It’s time to discuss something that’s dumb, but necessary.
It has come to our attention that there’s a tiny minority of games that are making their players buy hints.
I’m not really sure who’s doing it, but someone asked a question about this behavior to the panel that I moderated at the Escape Summit in Canada in May.
So, let’s get this out of the way once and for all.
Selling Hints is Bullshit
There is an assumption of fairness in escape room design. While some companies pull this off better than others, at the core of escape room play is the idea that these games will be fair even if they are difficult.
Selling hints undermines that fairness by introducing a financial feedback loop that encourages bullshit puzzle design. I’ll explain:
If a company sells hints, then they make more money from bullshit puzzle design because bullshit puzzles necessitate more hints.
This in turn encourages the company to include more bullshit puzzles, which drives more bullshit revenue.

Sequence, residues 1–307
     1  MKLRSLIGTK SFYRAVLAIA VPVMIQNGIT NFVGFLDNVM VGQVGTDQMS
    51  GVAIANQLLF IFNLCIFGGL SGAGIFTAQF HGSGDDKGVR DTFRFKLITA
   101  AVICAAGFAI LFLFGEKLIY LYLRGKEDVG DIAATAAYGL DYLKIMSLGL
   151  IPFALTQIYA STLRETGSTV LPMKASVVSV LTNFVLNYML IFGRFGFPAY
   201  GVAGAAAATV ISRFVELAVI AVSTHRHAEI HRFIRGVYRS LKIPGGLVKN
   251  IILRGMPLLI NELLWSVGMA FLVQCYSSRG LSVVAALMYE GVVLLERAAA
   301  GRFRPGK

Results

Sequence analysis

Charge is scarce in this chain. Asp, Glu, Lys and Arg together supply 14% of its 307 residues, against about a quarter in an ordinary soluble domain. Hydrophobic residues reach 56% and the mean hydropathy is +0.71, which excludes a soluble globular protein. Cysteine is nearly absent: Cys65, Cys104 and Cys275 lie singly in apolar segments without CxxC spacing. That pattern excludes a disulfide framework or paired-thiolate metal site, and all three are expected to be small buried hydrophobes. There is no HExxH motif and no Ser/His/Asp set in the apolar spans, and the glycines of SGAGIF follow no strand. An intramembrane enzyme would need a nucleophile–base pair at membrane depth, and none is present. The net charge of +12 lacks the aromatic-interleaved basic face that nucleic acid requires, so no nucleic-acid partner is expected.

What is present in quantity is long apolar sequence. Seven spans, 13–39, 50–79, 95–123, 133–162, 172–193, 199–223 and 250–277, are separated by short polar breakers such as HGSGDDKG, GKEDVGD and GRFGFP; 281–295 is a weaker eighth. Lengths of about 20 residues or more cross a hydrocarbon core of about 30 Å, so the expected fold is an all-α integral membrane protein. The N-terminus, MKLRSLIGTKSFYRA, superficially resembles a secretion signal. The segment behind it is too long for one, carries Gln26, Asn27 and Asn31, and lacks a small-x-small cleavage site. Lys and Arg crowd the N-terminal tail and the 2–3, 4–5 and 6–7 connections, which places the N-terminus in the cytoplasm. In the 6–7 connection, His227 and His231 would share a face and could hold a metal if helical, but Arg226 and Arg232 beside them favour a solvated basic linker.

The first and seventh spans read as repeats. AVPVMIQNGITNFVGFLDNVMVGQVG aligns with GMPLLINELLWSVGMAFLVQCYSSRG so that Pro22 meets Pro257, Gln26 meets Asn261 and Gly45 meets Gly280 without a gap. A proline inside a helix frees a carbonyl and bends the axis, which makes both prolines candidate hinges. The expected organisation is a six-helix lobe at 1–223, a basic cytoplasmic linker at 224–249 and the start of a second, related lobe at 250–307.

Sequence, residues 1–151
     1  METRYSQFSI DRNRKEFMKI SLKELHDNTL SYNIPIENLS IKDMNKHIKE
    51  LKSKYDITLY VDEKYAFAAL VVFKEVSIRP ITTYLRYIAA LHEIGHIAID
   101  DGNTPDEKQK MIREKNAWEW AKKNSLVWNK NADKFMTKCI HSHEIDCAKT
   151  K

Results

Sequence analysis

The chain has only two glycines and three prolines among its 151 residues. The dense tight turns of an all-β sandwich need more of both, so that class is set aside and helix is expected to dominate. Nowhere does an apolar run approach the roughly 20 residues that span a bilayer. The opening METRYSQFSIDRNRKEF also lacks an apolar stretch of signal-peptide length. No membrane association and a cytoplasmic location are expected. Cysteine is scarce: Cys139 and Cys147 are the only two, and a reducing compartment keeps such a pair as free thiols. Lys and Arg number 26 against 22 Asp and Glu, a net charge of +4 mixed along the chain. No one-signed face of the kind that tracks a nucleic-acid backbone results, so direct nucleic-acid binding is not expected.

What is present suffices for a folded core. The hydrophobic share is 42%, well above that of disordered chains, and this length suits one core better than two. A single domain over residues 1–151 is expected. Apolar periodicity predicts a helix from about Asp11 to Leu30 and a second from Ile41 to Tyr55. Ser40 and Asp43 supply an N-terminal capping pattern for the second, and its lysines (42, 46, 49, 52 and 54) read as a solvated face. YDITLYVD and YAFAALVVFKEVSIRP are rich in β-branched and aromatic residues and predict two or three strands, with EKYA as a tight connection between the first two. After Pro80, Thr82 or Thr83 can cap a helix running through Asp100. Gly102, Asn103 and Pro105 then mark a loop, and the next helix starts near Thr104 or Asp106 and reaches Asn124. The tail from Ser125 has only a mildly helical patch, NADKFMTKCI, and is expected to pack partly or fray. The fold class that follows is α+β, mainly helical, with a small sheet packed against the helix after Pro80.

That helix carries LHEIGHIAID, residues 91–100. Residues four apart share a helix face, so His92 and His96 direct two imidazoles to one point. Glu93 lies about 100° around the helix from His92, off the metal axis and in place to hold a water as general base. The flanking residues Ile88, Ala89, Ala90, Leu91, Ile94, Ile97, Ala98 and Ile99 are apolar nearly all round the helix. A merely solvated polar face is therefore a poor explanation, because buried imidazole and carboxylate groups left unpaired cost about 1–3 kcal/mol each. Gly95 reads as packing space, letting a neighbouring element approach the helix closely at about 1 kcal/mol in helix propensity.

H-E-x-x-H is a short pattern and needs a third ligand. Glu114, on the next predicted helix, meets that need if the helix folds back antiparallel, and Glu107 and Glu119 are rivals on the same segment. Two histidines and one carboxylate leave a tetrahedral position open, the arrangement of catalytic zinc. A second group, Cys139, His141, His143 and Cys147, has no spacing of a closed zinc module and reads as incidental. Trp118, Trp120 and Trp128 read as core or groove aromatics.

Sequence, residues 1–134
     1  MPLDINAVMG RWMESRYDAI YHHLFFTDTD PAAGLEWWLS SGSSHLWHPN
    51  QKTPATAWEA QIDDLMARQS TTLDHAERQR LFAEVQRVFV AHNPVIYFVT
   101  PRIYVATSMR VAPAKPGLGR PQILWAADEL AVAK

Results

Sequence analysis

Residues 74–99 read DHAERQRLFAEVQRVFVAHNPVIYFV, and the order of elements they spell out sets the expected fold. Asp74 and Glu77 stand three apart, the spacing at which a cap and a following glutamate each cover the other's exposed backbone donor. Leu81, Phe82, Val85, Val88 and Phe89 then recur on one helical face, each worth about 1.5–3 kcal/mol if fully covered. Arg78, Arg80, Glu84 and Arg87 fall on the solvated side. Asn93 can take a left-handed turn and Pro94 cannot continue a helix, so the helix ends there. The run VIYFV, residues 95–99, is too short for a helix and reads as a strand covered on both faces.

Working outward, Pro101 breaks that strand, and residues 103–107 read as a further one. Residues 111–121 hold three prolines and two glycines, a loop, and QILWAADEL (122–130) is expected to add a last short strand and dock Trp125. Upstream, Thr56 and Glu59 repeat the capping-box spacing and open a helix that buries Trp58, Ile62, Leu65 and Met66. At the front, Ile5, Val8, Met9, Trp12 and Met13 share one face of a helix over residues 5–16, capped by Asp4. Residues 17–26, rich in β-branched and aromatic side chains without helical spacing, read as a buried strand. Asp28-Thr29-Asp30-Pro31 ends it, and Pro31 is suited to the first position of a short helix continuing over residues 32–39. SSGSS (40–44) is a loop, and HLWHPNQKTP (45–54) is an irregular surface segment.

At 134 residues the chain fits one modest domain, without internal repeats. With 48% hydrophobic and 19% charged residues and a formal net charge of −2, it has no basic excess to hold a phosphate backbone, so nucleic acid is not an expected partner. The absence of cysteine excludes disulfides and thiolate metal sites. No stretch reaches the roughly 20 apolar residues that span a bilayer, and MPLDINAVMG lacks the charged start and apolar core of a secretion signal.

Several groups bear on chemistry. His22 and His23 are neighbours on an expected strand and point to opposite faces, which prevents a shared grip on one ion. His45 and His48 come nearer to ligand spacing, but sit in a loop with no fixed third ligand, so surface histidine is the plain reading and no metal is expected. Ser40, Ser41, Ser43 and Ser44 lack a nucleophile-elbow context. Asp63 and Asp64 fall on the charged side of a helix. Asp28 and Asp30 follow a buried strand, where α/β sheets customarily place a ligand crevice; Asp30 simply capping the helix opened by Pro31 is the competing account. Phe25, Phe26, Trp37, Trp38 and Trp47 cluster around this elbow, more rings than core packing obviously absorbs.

This loop repeats recursively until the company strangles the life out of their business and closes because they suck. Along the way they will hurt the other local escape rooms by convincing the local player base that escape rooms are filled with bullshit puzzles, and thus depleting the potential customer base.
We’ve seen some this kind of nonsense from digital escape games like the point-and-click mobile escape room Spotlight: Room Escape (that’s not worthy of a link.) We’ve refused to review them.
We just assume that if the game is selling hints, the puzzles are probably bullshit.
We have better things to do with our time and so do you.
What Do We Do About This?
If an escape room company is selling hints, beat the hell out of them on Yelp for it.
Be fair. Don’t hit them with a 1 star review, drop something rational, but explain why this is a problem. Shame them into changing.
Also, alert the local player community. If you have a regional Facebook group, leave a note in there about the company.
The one time that I can see “selling hints” to be a viable option is if, and only if, the money is going to a good cause, in the name of the players (not the business).
Same goes for something like a blood drive.
Then even if the puzzles are bullshit, at least there’s a good cause to support.
But then again… maybe check out the cause on Charity Navigator first?